The collection is ideal for dipping into. It is an attractively presented, slim volume with illustrative sketches for a number of the tales. Perfect for slipping into a bag or a pocket, this is a sagacious and entertaining read.

My copy of this book was provided gratis by the publisher, The Emma Press.

Book Review: Angel Bird

angelbird

Angel Bird, by Sanjida O’Connell, tells the story of Niall, a zooligist who travels to a remote town on the north east coast of Ireland to study the behaviour of magpies. Niall’s father and grandfather were also zooligists and he feels he needs to prove his worth. Niall believes that much of any creature’s behaviour is genetically ordained and lives his life accordingly. When being in Ireland triggers forgotten memories from childhood he is forced to confront the reality of the choices he makes.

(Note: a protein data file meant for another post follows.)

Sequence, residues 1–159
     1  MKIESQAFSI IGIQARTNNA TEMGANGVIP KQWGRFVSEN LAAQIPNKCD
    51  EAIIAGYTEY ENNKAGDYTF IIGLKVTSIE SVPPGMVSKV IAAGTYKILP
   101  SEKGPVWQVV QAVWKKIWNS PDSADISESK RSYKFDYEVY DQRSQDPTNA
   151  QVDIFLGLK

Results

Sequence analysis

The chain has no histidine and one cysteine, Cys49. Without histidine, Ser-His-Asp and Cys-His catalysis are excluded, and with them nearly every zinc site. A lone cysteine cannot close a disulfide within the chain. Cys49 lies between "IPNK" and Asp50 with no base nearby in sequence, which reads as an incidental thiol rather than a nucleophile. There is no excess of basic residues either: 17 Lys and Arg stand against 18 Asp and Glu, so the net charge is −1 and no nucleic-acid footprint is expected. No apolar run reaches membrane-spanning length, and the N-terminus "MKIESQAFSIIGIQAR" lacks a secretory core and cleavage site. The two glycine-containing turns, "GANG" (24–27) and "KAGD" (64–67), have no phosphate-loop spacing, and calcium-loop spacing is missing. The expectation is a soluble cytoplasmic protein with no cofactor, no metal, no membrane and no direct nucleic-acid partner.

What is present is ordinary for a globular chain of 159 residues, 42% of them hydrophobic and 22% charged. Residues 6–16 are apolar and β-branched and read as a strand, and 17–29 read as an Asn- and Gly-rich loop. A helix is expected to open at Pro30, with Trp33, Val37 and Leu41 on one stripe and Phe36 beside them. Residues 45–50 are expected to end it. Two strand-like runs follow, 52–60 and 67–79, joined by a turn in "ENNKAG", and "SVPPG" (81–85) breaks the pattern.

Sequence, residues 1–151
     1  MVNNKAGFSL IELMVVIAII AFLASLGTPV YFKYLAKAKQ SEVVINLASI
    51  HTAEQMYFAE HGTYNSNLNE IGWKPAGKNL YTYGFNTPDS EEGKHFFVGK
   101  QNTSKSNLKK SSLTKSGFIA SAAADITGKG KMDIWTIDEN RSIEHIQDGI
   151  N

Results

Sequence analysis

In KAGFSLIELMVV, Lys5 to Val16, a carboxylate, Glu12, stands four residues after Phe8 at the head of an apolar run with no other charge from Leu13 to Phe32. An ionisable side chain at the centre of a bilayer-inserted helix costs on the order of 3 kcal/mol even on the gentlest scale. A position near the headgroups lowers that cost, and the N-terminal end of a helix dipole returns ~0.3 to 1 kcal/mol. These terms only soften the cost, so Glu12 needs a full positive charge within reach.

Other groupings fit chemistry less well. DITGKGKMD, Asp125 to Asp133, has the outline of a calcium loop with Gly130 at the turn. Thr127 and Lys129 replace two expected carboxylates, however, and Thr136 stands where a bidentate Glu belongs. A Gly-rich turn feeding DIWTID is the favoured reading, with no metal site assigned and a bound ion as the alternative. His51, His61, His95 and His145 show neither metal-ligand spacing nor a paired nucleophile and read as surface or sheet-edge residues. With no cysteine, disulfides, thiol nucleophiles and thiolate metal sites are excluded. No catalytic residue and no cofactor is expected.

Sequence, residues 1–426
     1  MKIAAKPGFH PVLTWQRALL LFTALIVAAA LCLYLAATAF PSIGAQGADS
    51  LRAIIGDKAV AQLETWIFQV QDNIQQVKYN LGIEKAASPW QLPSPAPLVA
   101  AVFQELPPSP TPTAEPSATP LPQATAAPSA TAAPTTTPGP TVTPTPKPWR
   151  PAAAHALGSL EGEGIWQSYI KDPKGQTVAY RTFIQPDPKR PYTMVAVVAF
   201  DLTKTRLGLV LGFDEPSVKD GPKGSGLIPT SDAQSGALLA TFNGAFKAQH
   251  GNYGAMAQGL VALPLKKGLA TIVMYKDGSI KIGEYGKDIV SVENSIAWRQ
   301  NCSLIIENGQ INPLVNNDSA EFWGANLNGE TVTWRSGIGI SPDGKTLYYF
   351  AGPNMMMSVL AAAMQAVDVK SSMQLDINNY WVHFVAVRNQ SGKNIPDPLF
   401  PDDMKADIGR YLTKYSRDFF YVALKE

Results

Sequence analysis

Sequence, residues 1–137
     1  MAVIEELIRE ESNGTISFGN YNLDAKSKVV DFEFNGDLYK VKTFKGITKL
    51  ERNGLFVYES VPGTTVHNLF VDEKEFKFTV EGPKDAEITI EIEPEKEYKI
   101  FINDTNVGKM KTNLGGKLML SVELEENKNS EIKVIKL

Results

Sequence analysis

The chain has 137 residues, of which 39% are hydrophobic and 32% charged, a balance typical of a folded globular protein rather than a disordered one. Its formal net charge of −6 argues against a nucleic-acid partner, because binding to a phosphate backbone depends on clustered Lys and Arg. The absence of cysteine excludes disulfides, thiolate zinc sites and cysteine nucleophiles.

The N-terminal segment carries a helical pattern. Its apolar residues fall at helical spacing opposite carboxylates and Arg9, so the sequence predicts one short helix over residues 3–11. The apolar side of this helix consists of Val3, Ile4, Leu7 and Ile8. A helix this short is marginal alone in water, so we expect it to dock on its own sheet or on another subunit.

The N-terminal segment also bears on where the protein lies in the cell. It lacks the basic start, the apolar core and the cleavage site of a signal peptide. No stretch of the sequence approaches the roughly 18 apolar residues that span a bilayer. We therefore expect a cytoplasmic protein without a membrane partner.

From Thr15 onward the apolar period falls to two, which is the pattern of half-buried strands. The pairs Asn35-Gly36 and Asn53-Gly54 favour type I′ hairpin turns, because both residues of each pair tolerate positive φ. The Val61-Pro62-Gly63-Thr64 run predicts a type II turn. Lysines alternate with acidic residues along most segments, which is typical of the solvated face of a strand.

Niall moves into a small rented house in a town where everyone knows everybody else’s business. He discovers that magpies are seen as harbingers of doom in this place, the devil’s bird. Undeterred he sets up the bounds of his research, content to live a spartan life as he studies his subjects. To supplement the meagre fare he prepares for himself at home he cycles out to a restaurant once a week where he meets a young chef named Eddie. Although drawn, he waits for her to come to him.

Eddie moves in with Niall and fills his home with her clutter. This irritates Niall at times but he accepts the unasked for change. He has embarked on a clandestine affair with the daughter of a wealthy businessman who rides her horse through his research area. He acts according to instinct rather than sense.

Niall is suffering nightmares, flashbacks to images of a child who is drowning and a woman surrounded by blood. As his research and personal life start to unravel so too does his grip on reality. He flees what he believes to be a perilous situation, unable to differentiate between hallucination and what is happening in real life.